If you spend much of your time swinging a two hander on large rivers and fishing down and across it is easy to think “this is salmon fishing, and this is the way silver tourists are and should be caught”. Hours of unrolling the line like a metronome and methodically covering peaty water might be therapeutic and delightful, but, it is not the only way. I was to discover this after fishing in Iceland.
Iceland broadened my horizon to a slightly different form of salmon fishing, where a more thoughtful and careful approach was required to have success. Many of the rivers are small and well featured and the water runs blue and crystal clear. It tumbles over heavily featured river beds to create waterfalls, gorges and endless fishy pockets. The landscape and environment are quite unique and almost alien.
Given the right conditions fish can be seen before each cast is made, by either you or your guide. Even when this is not the case, this is by no means a game of chucking and chancing. Sight fishing in these small rivers can be the fishing equivalent of a game of chess. For me this kind of salmon fishing seems a perfect blend between the salmon fishing I know and the trout fishing I love, the best of both worlds. The technical nature of trout fishing combined with catching a larger and more powerful species.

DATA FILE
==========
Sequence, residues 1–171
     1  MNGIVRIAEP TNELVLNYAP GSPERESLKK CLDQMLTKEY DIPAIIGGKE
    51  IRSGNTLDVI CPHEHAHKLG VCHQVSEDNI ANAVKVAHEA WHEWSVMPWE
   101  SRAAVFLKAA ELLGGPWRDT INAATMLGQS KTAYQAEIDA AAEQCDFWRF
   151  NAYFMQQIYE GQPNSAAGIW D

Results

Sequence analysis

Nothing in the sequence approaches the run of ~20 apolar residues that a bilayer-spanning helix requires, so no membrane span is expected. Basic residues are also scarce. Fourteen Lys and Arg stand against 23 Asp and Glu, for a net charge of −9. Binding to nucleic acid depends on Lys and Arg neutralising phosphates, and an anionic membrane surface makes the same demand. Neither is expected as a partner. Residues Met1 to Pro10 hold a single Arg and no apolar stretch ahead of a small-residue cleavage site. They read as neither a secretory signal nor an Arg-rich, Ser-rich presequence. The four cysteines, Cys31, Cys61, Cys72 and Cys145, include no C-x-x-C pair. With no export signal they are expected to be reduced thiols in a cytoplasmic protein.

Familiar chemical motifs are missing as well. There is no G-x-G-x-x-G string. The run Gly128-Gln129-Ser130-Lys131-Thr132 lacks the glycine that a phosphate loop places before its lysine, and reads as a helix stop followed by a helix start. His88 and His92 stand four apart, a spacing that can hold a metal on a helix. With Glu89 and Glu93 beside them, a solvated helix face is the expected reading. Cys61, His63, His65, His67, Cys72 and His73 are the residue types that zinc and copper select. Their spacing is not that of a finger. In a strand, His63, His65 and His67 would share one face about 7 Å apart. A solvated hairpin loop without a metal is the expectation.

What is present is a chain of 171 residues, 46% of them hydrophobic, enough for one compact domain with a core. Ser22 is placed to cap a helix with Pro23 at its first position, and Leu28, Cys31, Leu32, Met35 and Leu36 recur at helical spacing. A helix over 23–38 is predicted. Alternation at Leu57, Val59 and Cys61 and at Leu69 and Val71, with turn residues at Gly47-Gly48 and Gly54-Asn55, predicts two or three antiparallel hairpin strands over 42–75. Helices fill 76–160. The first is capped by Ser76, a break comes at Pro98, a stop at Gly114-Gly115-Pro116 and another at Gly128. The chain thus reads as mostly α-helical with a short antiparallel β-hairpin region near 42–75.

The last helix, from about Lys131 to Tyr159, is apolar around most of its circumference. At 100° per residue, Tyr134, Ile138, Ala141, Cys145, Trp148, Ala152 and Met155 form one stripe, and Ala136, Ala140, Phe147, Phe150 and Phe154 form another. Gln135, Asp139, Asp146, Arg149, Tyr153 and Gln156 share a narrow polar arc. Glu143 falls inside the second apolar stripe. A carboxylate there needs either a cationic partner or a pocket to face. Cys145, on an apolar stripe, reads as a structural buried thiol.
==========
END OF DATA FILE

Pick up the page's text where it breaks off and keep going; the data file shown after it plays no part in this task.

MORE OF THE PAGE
Many of Iceland’s rivers require small flies, long leaders and a stealthy approach. Some of the techniques can seem a little out of the box those used to more traditional methods. But, when you see a salmon rise from the depths and through the water column towards your hitch fly it is an image that is hard to shake off. Sometimes only the head breaks the surface to take, others the whole fish leaps into the air in an acrobatic dance. Catching any salmon is special but to me catching on the hitch is just a little more so, and Iceland is undoubtedly one of the best places for this technique.
Not only does the clarity of the water provide opportunities for sight fishing in the right conditions but it also means you are often able to observe fish once they are hooked. I am not sure if this makes the fight better or worse, but it certainly makes it exciting and nerve wracking.
To me what also makes the fishing there such a delight is knowing you are constantly covering fish, whether the fish can be seen or not, every nook and cranny is likely to hold something. It is then the case of tinkering with various techniques to figure out how to come tight. I can think of few better places to observe the behaviour of Atlantic salmon than in Iceland’s wonderful rivers, certainly none that are only a few hours flight away.
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